Port of Spain, Trinidad
I never thought I’d say it but I’m missing my Dad’s phone. Since my last trip I really hadn’t realized the extent to which technology had become integrated into the budget travel experience. The three-pronged attack of smart phones, wifi and Skype have revolutionized backpacking. With free wifi in most accommodations, one can call home anytime for peanuts. On my trip through India in 1998 I communicated with home via postcard and called once, I think, when my bank decided not to realize and I was stuck for cash.
As a writer as well, Dropbox is invaluable. I would seriously consider taking some sort of tablet on my next trip as, due to the ubiquitousness of phones and laptops, hostels are less and less providing actual computers for guests to use. In the whole of Paramaribo (the capital of Suriname) I could only find 2 internet cafes, both of which were closed at the weekend!
The connotations of this preponderance of technology are not only positive though: thinking about taking so-and-so day trip to the Whatsit Islands but not sure if it is worthwhile? No need to take a chance - whip out the iPhone, get on tripadvisor.com and read dozens of reviews. Obviously it does pay to check out a tour operator but removing all risk and spontaneity is not a good thing. Maybe such easy access to reviews will herald an uplifting of service in operators, eager for that ‘Check us on Tripadvisor’ sticker that seems to be in every window now from the Marriott to that wooden momo shack in eastern Tibet. Sure beats the old exercise book of hand-written recommendations by John, UK.
Anyway, I was glad in Georgetown, Guyana to meet up with Tom, UK. Finally I could call Gerda again with ease. I did enjoy Georgetown, as well as having some unexpected company. Being the only two tourists in the country we were naturally drawn to each other. Once we’d got over the novelty of being able to flush our toilet paper again, we toured the wooden colonial buildings, drank Banks Premium in the market with the locals and suffered hangovers under fierce sun and surprise showers. Then we went to Suriname and did the same thing in Paramaribo among seemingly hundreds of young Dutch girls on school trips or working for NGOs. Hard Times.
I left Tom there for a couple of days to try his luck and crossed into French Guiana (Europe! Baguettes! No transport!) to see the Iles de Salut, made famous by Papillon in book and film. Despite sharing the islands with a boatload of French tourists, wondering around the jungle-reclaimed ruins of the penal colony was an absolute highlight.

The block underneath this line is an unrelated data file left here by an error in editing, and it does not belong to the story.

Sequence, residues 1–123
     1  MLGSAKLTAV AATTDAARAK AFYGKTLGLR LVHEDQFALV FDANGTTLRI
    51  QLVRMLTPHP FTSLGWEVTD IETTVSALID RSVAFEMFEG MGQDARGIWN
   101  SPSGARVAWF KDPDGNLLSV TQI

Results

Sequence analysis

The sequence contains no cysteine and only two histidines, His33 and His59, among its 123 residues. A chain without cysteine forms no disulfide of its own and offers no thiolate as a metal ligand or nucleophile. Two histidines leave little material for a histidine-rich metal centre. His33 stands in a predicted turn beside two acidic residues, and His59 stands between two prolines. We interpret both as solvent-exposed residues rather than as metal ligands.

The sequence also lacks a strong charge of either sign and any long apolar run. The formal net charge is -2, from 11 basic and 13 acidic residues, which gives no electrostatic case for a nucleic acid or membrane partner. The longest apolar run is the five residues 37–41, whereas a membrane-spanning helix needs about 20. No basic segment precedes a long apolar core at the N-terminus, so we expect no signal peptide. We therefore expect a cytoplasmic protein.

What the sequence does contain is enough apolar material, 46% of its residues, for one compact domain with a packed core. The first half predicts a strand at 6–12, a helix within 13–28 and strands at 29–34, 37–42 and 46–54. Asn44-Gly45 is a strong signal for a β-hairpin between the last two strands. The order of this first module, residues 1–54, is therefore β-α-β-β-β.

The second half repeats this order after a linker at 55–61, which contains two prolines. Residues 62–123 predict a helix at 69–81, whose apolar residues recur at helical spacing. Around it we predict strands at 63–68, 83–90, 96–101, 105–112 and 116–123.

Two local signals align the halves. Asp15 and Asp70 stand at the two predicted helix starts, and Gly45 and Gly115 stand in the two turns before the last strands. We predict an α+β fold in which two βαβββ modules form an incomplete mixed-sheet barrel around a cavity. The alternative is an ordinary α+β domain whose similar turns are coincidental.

After one last raucous night on the Parbo with Tom I’ve come to Trinidad – the first of my Caribbean island nations – the ones that a lot of people thought I was going to be enjoying for the whole 3 months. In fact, I have just 2 weeks to get to Cuba and have been tearing out my hair trying to plan an itinerary that will take in a decent variety of countries but for a fair amount of time. There are 28 nations, states and overseas territories (excluding Cuba) which equates to about half a day each, excluding travel time, should I visit them all. Of course that would be ludicrous so difficult choices must be made: Barbados or Dominica? Haiti or Jamaica? Then there is the buying of flights, dependent on ferry schedules and ‘island time’ – the built-in lateness factor applicable to anywhere that reveres Bob Marley – and booking accommodation in advance. Out of my natural element of off-the-cuff dorms, buses and street food, the whole process is absolute anathema to me but I know that if I don’t book ahead airfares will double overnight and I’ll be forced to pay $100 per night to sleep.
So, the ongoing planning stage is admittedly a little stressful, not that I expect much sympathy, but hopefully I will reap the rewards with 2 weeks of some people’s idea of paradise. Or, this could end up being the hardest backpacking I’ve ever done.